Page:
It doesn’t matter what you believe as long as you believe in something. The world is full of magic – if you can’t see it, then you are not looking hard enough. Do you ever wonder what makes the wind blow? I don’t mean on a scientific level. Ask anyone who knows me – I am rarely a factual person, except when it comes to matters that are important to me, like childhood cancer awareness and faith and just life in general. I accept most things as true, because to some people, they are true.
For a while now I have found myself shying away from the topic of theology and religion and even some social issues. I have had frustrating conversations before, when there is no winning on either side. These days, I tend to let these things go. I don’t commit to such conversations anymore. People believe what they believe, because they’ve been raised that way. Some people, like me, explore. There isn’t just one way to look at things, no matter how many people tell you there is. If that was true, then everyone would believe in the same thing and there would be no conflict stemming from religion in the world.
It’s impossible for people to to look at something and see the same thing. A child can draw or paint a picture and tell you an elaborate story about what you see as random squiggly lines and tangles of color on the page. People interpret art in different ways. Two people can read the same book and come away with a different message. The same is true for a book you read as a child. When you grow up and read it again, the story is different. Our ideas and perspectives change with age and experience.
When I was in second grade, my teacher read a story to my class that I instantly loved. It was a strange and sad story, about a young woman who always wore a ribbon around her neck, and the man who loved her kept asking her about it. She kept putting him off, until their wedding night. That is when she told her new husband that he could untie it. But when he did, her head fell off and she died.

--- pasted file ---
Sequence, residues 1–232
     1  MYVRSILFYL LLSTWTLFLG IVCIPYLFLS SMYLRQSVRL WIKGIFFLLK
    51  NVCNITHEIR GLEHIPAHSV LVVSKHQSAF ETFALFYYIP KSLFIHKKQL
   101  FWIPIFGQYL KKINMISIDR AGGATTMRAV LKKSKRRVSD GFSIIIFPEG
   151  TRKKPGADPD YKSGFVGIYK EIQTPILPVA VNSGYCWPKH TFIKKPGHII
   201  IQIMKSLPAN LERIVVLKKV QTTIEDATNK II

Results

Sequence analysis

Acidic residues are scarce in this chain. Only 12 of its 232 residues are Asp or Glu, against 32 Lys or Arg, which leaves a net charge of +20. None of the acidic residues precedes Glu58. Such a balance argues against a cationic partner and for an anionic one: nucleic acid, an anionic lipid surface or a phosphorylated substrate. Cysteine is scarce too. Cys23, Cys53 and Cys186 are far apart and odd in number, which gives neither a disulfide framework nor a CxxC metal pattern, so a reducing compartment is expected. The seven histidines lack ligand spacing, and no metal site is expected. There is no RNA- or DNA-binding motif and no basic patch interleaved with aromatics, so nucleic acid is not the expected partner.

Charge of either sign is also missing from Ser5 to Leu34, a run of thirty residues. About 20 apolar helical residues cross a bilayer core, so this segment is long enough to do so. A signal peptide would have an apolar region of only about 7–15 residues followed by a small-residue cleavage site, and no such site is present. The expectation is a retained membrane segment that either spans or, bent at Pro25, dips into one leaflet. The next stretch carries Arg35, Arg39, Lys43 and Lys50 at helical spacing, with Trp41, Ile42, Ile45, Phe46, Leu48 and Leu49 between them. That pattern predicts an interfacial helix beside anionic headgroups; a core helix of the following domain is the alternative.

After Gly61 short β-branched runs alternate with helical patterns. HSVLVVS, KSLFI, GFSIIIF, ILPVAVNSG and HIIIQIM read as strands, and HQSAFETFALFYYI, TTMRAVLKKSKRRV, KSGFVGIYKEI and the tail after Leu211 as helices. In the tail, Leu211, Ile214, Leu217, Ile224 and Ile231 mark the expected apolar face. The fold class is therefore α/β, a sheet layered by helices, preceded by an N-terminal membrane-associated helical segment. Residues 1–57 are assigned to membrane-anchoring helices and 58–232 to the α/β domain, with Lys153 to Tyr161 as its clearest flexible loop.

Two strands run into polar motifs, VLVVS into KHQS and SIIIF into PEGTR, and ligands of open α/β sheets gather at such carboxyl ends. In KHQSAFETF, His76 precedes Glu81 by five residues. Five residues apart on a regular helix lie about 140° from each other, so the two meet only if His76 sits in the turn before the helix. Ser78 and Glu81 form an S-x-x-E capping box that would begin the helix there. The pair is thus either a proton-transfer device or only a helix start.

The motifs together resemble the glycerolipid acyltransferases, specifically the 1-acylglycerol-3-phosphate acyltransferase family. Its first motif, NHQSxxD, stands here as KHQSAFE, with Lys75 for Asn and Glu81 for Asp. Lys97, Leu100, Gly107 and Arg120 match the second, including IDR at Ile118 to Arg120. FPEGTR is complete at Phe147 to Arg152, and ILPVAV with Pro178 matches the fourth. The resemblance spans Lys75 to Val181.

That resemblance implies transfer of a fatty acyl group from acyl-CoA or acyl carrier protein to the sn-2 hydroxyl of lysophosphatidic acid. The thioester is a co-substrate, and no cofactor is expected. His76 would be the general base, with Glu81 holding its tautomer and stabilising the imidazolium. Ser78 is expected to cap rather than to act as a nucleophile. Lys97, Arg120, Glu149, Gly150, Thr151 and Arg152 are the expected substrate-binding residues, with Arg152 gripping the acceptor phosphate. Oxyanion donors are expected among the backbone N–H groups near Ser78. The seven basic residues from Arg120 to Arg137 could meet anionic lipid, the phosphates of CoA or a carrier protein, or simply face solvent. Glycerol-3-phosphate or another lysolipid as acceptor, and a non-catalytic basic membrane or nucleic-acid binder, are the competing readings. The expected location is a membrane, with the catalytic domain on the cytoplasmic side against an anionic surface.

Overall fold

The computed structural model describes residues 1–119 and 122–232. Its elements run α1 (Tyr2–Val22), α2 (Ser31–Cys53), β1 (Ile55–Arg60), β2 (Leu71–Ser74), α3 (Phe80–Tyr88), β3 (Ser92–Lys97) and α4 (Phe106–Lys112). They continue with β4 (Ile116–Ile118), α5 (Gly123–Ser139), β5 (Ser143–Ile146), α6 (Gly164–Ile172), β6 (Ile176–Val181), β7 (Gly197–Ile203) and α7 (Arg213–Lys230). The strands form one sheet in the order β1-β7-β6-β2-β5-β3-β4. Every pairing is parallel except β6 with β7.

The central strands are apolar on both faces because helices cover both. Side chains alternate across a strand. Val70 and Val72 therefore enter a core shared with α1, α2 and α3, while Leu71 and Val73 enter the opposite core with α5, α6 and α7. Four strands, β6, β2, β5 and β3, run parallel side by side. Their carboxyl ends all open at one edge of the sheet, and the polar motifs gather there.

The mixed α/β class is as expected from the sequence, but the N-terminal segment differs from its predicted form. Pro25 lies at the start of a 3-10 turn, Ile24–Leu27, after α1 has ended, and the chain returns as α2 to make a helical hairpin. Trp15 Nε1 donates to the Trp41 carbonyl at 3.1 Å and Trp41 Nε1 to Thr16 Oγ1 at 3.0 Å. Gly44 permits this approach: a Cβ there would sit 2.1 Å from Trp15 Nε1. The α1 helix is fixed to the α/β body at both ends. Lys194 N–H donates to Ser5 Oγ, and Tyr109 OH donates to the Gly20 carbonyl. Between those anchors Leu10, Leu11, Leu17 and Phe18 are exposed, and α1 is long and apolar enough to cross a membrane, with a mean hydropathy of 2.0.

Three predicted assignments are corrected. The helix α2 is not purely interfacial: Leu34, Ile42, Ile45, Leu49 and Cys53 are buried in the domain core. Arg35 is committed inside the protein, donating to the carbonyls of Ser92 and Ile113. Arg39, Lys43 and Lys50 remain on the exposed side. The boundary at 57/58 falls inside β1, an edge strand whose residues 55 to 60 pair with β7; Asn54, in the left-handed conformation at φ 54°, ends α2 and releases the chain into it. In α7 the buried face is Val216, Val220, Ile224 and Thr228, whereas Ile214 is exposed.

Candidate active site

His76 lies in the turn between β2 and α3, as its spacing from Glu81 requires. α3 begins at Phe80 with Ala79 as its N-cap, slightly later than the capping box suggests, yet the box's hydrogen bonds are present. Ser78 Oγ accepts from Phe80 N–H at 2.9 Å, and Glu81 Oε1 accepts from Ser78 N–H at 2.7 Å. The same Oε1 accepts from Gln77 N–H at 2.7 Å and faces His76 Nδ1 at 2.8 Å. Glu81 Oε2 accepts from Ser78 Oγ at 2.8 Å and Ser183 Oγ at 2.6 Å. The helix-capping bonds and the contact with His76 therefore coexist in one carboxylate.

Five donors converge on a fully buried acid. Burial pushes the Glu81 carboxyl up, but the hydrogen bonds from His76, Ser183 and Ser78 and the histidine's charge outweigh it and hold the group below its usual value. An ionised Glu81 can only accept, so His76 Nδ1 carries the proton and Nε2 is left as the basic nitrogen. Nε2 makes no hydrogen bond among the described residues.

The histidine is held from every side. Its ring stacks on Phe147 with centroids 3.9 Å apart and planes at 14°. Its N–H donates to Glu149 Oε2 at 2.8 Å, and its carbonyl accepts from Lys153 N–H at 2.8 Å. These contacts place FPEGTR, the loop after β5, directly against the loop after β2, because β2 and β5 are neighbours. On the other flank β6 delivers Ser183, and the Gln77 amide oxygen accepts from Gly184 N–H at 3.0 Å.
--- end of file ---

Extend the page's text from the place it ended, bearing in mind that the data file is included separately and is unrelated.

I remembered that story a few years ago, and I found it again. It wasn’t as magical as I thought. It was disappointing. I remembered gorgeous, full-paged colored pictures, but what I got instead was black and white sketches in an I-Can-Read-Book. Seriously? Major disappointment. Was the book my second-grade teacher read to us just a figment of my imagination? The story itself was less poetic than I remembered it. It was simpler, somehow. I wanted it to be Romeo-and-Juliet-esque, and it was a little bit. No happy ending. The groom is left bereaved. He doesn’t even kill himself after his bride dies. He lives without her. Maybe someday, I will explore this in my own fiction. I’d like to take this story and make it my own. What happened to make the young woman decapitated like that, and how did she get from there to the ribbon? She must have had nanoseconds to get the ribbon and tie it around her wound. Did it happen to her as a child? Hmmm…
The words of that story never changed, but my memory of it did. Maybe it was the same book, but maybe not. I’m still hung up on that beautiful picture book I think I remember. But as we get older, our memories tend to change and even begin to lie to us. It was the same story, but it wasn’t what I remembered.